• Wellington-Dufferin-Guelph Public Health has issued an order requiring all persons to wear face masks while visiting local stores and businesses.

 “The best available evidence indicates face coverings reduce the possibility of transmission of COVID-19,” said Dr. Nicola Mercer, Medical Officer of Health for Wellington-Dufferin-Guelph. “By ensuring we can move to Phase 2 in the safest way possible, we are all making an investment in a safer community.”

 Made as Dufferin enters Phase 2 of reopening in the wake of COVID-19, the order was issued by Dr. Mercer at 10:00 a.m. Wednesday (June 10) and will come into effect at 12:01 a.m. on Friday, June 12.

• Monday night's Council meeting heard two proclamations from Mayor Wade Mills, one proclaiming June as Pride Month in Shelburne and the second, proclaiming June 21st as National Indigenous Peoples Day in the Town. Following these, the Mayor expressed his thoughts on an issue that would become almost the theme of this meeting, racism and the reactions to it. Mayor Mills said that the he personally felt that he could and should do more about confronting this issue, so recently amplified by the murder of George Floyd, a black man, by a police officer, in Minneapolis, Minnesota on May 25. 

The mayor said that the “silence of friends, not the words of enemies, allows racism to flourish and exist.”

 • Over a hundred protestors marched through the streets of Shelburne on Sunday (June 14) as part of a Black Lives Matter protest – one of many that have swept the nation in a stance against racism. 

“What we have seen in towns and in cities across North America, and what we are witnessing right here today, I believe, is evidence of a major sea-change,” said Shelburne Mayor Wade Mills, addressing the crowd outside Town Hall. “We've seen demonstrations in the past, but to me this really feels different this time and I think all of you know what I'm talking about.” 

The crowd of protestors started the peaceful demonstration at the Centre Dufferin Recreation Complex and made their way to Shelburne Town Hall. Organizers Shyanne Ricci and Hailey McLarty lead the march, carrying a sign that read “Shelburne Stands Together”. 

Ricci and McLarty both spoke to the crowd before the march, touching on their reasons for organizing the event. 

“We started this to show that the Town of Shelburne, as a community, will acknowledge the racism and hateful acts taking pace in the world, as well as showing full support for those affected by racism and promoting the need for change,” said Ricci.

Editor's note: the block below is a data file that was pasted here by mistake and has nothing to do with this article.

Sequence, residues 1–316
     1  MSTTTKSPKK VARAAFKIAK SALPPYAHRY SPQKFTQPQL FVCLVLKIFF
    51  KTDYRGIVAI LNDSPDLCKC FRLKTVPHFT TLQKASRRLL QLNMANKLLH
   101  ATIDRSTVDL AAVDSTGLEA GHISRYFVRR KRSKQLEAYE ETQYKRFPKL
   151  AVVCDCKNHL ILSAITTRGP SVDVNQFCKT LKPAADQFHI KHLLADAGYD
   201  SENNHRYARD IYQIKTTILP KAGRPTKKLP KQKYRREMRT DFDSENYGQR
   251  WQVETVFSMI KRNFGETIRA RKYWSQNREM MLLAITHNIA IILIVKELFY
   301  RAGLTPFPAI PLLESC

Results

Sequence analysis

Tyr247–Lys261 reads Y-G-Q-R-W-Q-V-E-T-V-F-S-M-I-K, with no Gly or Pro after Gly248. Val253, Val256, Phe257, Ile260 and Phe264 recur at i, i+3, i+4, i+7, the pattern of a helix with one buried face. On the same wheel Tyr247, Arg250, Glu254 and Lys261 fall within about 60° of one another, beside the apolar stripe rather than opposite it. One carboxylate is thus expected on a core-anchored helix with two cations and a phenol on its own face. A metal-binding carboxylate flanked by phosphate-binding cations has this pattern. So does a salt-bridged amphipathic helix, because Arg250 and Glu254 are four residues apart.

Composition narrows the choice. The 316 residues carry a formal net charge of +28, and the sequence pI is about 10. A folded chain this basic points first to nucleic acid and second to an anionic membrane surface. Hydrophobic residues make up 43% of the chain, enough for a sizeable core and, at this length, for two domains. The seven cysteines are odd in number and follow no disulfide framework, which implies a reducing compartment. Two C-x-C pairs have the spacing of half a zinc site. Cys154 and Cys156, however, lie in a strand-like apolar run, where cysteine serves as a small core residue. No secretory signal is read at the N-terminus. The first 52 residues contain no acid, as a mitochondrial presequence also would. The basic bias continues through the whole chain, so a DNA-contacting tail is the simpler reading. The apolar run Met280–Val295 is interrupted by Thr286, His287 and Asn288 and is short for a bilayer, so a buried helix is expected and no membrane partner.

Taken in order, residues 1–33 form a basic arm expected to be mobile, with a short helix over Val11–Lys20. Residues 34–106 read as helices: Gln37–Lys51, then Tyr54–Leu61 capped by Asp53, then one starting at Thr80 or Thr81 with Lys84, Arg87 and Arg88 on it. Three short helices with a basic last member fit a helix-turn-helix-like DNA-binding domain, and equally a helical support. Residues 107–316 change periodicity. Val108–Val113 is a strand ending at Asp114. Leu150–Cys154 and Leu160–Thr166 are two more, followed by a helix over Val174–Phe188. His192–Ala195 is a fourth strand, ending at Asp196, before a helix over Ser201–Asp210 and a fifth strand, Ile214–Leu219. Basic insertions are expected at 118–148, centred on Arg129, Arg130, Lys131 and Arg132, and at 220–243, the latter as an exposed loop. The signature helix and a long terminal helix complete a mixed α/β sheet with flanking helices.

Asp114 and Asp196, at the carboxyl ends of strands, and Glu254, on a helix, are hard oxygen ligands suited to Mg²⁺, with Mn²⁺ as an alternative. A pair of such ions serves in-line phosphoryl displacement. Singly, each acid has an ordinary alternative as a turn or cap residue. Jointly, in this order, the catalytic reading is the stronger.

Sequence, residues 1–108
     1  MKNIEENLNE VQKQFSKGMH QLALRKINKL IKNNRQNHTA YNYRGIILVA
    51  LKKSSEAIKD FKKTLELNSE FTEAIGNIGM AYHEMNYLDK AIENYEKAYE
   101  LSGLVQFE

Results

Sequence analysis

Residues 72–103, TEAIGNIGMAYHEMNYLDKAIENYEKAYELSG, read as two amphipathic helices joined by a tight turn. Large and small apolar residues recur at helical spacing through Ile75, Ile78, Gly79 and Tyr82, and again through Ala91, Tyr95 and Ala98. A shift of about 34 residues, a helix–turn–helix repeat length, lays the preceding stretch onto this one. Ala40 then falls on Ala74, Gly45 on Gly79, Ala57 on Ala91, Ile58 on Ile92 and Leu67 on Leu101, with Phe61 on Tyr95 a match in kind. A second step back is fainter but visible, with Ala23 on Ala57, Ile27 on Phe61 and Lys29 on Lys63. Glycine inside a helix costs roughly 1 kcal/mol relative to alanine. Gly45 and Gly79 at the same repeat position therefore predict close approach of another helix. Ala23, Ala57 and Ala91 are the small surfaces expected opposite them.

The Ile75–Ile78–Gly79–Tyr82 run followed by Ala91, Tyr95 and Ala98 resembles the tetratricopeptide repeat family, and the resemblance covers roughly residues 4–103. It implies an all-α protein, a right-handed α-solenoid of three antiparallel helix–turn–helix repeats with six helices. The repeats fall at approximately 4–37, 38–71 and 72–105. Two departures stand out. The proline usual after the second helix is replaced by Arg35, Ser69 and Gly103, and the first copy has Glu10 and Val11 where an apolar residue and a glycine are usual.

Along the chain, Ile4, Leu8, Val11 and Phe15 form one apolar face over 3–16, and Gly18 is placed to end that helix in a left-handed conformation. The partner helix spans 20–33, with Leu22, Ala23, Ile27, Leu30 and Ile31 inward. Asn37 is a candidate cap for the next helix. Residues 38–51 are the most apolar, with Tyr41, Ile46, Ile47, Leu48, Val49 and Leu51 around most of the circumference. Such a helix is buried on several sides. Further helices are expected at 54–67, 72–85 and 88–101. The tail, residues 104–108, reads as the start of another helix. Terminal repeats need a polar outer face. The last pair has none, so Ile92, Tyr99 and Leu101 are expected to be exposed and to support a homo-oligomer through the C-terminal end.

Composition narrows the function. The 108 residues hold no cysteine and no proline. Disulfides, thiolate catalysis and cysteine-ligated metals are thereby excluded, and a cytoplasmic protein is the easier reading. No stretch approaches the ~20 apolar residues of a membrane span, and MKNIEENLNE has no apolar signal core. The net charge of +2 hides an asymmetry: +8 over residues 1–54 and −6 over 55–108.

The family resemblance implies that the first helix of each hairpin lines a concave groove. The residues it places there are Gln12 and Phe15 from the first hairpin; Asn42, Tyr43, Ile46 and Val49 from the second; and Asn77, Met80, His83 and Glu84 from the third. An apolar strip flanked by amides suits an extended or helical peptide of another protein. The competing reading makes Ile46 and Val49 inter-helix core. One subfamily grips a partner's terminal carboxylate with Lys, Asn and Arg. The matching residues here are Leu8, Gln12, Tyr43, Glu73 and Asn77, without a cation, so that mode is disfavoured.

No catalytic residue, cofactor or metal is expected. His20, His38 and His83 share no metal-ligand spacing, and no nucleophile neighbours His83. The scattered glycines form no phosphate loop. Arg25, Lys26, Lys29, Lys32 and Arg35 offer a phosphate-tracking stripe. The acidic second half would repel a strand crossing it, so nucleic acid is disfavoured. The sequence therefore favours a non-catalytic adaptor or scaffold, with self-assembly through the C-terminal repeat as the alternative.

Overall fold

“Some of us might not be subjected to racism on a personal level, but that does not mean that it is not happening in our community and others every single day,” said McLarty.

 Some protestors carried signs written with messages such as “Black Lives Matter” and “Shelburne United”, while others could be heard chanting “no justice, no peace, no racist police” and “hands up, don't shoot” as the crowd made its way down Owen Sound St.

Standing outside Town Hall the crowd followed a call and response chant of “no justice, no peace” and “black lives matter”. Cars driving by also took the time to honk in support of the movement. 

Mayor Wade Mills, Deputy Mayor Steve Anderson, and local pastor Jay Wagstaff spoke to gathered protestors. The speeches touched on the need for further action, the acknowledgment to be better and Shelburne's role in the movement for justice.

• Local businesses begin to re-open their doors with move to Phase 2


 • Shelburne Town Council held a special meeting on Tuesday (July 7) for a public information session from the Ontario Provincial Police (OPP). The meeting was an opportunity for Council and the community to ask their questions following the second OPP costing, presented back on June 22. 

Similar to the first costing public information session that took place in April 2019, elected officials and community members raised question regarding response times, financial costs, and police presence for local youth in the schools. 

The public information presentation was presented by OPP Sgt. Ken Kee and Staff Sgt. Nicol Randall.

• Amaranth Mayor Bob Currie has been removed from his position as chair of a County committee following comments he made about the LGBTQ community in June. 

“There is simply no place in leadership at any level that includes hateful and divisive comments that serve only to hurt,” said Dufferin County Warden Darren White in a statement to county council last week. 

Currie was asked by Warden White to step down from his role as chair of the Infrastructure and Environmental Services Committee last Thursday (June 25). 

• While Pride Month, alongside practically everything else, may have been overshadowed this year due to the pandemic, recent comments made by one Dufferin County politician made it “absolutely vital” for the third annual Celebrate Your Awesome, Pride event, to take stage this past weekend. 

Post date: 2021-01-07 11:37:43
Post date GMT: 2021-01-07 16:37:43

Post modified date: 2021-01-07 11:37:48